If abnormalities are observed during these inspections, there are corrective actions that can be taken.
The room temperature and ventilation usually are set during the design. Total cost of ownership analysis is usually done by taking into consideration the optimal conditions so that the battery life is longest. The rule-of-thumb correlation between ambient temperature and lead-acid battery life, be it vented or VRLA, is as follows: battery life decreases by 50% for every 15°F above the normal temperature, which is 77°F.
Determining the battery life is important, especially in mission critical facilities. With proper maintenance, battery life could be predicted accurately, thereby avoiding any downtime. The most important factors affecting battery life are:
VRLA batteries currently are very popular. They are known as "nonmaintenance" batteries, mostly because of the fact that they are sealed and employ a "recombinant technology." The fact that the battery is sealed ensures the preserving of the electrolyte, no matter the position of the battery cell (you can even turn it upside down). Recombinant technology means that the oxygen released from the positive plate ends up in the negative plate, where it recombines with hydrogen and turns into water. This process preserves the battery water
Just as it has for vented batteries, IEEE has developed a standard, 1188-2005, IEEE Recommended Practice for Maintenance, Testing, and Replacement of VRLA Batteries for Stationary Applications.
Even though VRLA batteries are sealed, there are always dangers associated with installing and maintaining batteries. Only trained and knowledgeable personnel should work around batteries. In addition, unauthorized personnel should not have access to the batteries. The battery area should not be used as storage for tools or anything else. All personnel should use personal protective equipment, such as goggles, gloves, and safety shoes, while working on batteries
Just as with vented batteries, inspection is an important part of maintenance. IEEE recommends monthly, quarterly, and yearly inspections. But this recommendation is for general use. For mission critical facilities or processes, there needs to be a weekly inspection as well.
The monthly inspection for VRLA batteries is more or less the same as the one for vented lead-acid batteries. This inspection includes the following areas:
A visual inspection of:
A measurement of:
The quarterly inspection includes measurements of the following:
The yearly inspection is then limited to measuring the following:
Vented Nickel-cadmium Batteries
Just like the name suggests, these batteries are a vented (flooded) type, where the positive plate is made of nickel hydroxide and the negative plate is made of cadmium hydroxide. These batteries are often preferred because they:
However, these batteries have the following drawbacks:
IEEE has developed a standard for this type of battery: IEEE 1106-2015, Recommended Practice for Installation, Maintenance, Testing, and Replacement of Vented Nickel-Cadmium Batteries for Stationary Applications.
As with other kinds of batteries, personal protective gear, such as goggles, gloves, and aprons, are recommended when servicing the NiCd batteries.
IEEE 1106-2016 recommends a quarterly inspection, which is the same as the vented lead-acid batteries' monthly inspection:
A visual inspection of:
A measurement of:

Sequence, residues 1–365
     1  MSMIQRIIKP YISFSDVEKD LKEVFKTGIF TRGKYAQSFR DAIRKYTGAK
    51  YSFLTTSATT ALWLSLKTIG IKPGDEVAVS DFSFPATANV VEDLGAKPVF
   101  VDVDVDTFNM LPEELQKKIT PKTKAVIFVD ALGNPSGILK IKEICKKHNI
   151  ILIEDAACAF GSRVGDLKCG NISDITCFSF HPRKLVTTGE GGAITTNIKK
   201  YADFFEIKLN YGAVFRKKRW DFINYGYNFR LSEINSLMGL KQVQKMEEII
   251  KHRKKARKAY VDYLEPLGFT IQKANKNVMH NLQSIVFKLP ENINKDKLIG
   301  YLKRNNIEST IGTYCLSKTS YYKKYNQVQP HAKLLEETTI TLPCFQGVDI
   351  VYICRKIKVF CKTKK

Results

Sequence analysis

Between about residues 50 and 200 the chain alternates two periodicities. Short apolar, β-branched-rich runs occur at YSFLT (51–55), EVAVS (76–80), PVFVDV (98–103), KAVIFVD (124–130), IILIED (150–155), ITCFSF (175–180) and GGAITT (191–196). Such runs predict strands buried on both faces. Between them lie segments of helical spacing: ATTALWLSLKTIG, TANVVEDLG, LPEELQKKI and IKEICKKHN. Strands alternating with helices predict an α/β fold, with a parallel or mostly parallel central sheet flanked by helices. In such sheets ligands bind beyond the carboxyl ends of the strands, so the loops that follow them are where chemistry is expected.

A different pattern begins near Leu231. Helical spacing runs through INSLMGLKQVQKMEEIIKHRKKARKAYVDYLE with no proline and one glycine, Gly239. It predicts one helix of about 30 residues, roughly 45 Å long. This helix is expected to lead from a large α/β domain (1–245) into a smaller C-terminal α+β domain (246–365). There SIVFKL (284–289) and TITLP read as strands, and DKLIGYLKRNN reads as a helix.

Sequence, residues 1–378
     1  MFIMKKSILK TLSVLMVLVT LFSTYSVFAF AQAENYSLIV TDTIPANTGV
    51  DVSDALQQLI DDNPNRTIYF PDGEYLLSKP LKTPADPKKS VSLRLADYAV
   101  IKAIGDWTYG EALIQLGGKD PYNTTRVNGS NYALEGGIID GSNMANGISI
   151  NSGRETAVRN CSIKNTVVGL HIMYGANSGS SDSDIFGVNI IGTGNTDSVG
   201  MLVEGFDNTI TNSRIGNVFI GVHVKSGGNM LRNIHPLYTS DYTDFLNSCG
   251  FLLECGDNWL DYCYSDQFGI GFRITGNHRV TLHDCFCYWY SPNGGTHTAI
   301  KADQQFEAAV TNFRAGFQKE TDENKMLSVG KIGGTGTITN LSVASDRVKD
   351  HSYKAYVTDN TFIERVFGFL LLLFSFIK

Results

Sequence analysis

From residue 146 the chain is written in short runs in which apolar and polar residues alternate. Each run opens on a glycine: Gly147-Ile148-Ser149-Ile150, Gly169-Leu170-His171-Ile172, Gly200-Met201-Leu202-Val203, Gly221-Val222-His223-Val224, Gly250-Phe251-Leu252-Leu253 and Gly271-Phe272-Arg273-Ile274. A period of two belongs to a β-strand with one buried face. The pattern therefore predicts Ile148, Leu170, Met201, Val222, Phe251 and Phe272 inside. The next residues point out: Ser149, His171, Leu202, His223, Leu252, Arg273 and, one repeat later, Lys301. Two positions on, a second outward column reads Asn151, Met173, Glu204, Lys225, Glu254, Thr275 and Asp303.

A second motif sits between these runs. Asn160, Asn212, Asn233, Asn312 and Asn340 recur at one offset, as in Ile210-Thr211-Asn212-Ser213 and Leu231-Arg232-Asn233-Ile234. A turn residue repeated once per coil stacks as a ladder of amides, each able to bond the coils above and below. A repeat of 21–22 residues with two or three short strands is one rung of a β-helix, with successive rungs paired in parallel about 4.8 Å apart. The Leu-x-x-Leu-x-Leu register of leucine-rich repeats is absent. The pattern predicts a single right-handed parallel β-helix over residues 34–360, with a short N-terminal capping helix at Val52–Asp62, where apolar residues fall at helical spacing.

There is a semiannual inspection as well. This inspection encompasses what the quarterly inspection requires and adds cell voltage measurements. The yearly inspection also requires looking at the condition of the cable connections and measuring the resistance.
For a list of simple corrective actions to a few abnormalities, see Table 3 (see Table 3).
The NiCd batteries can be submitted to a high-rate charge. Normally, they are charged at around 1.4 to 1.47 V per cell, but in a high-rate charge, the voltage can go to 1.55 V for a maximum of 1.8 V.
A NiCd battery is more tolerant of higher temperatures. Its lifespan reduces by 20% when operating at temperatures 50°F above the recommended 77°F, while the lead-acid battery takes a harder hit, around 50%. The NiCd battery life and temperature correlation is shown in Figure 3 (see Table 3).
In Table 3 (see Table 3), a few corrective actions for some simple abnormalities are shown.
NiCd batteries, if operated at 68 to 77°F, can last a long time. Their capacity drops slowly, reaching 80% after 20 years. Even after that, they can be used in less-demanding applications.
The Importance of Design
Maintenance is especially important for mission critical systems because of the importance of the reliability of these systems. Indeed, maintenance does not start when problems with the equipment arise; rather, maintenance starts with the design of the systems. The design professional always needs to keep maintenance in mind when designing electrical systems, and the same goes for battery systems.
Keep the following tips in mind when designing and specifying batteries in mission critical facilities:
After the system (or facility) is up and running, it is critical to make sure that the design conditions mentioned above are enforced. It is also critical to follow IEEE recommendations for weekly, monthly, and yearly inspections (add a semiannual inspection for NiCd batteries). A visual inspection, as simple as it might seem, is very important to catch early what could become a serious malfunction. It is best for the maintenance team to prepare a standard form for each type of inspection. These forms could have boxes for check marks and spaces for notes where certain conditions observed can be explained. Having a log of the inspections helps in tracking certain conditions and compiling a plan of action if the conditions deteriorate.
Eduard Pacuku is a senior electrical engineer at Concord Engineering. He spends most of his time designing electrical systems for universities, health care facilities, mission critical facilities, and high-rise commercial buildings.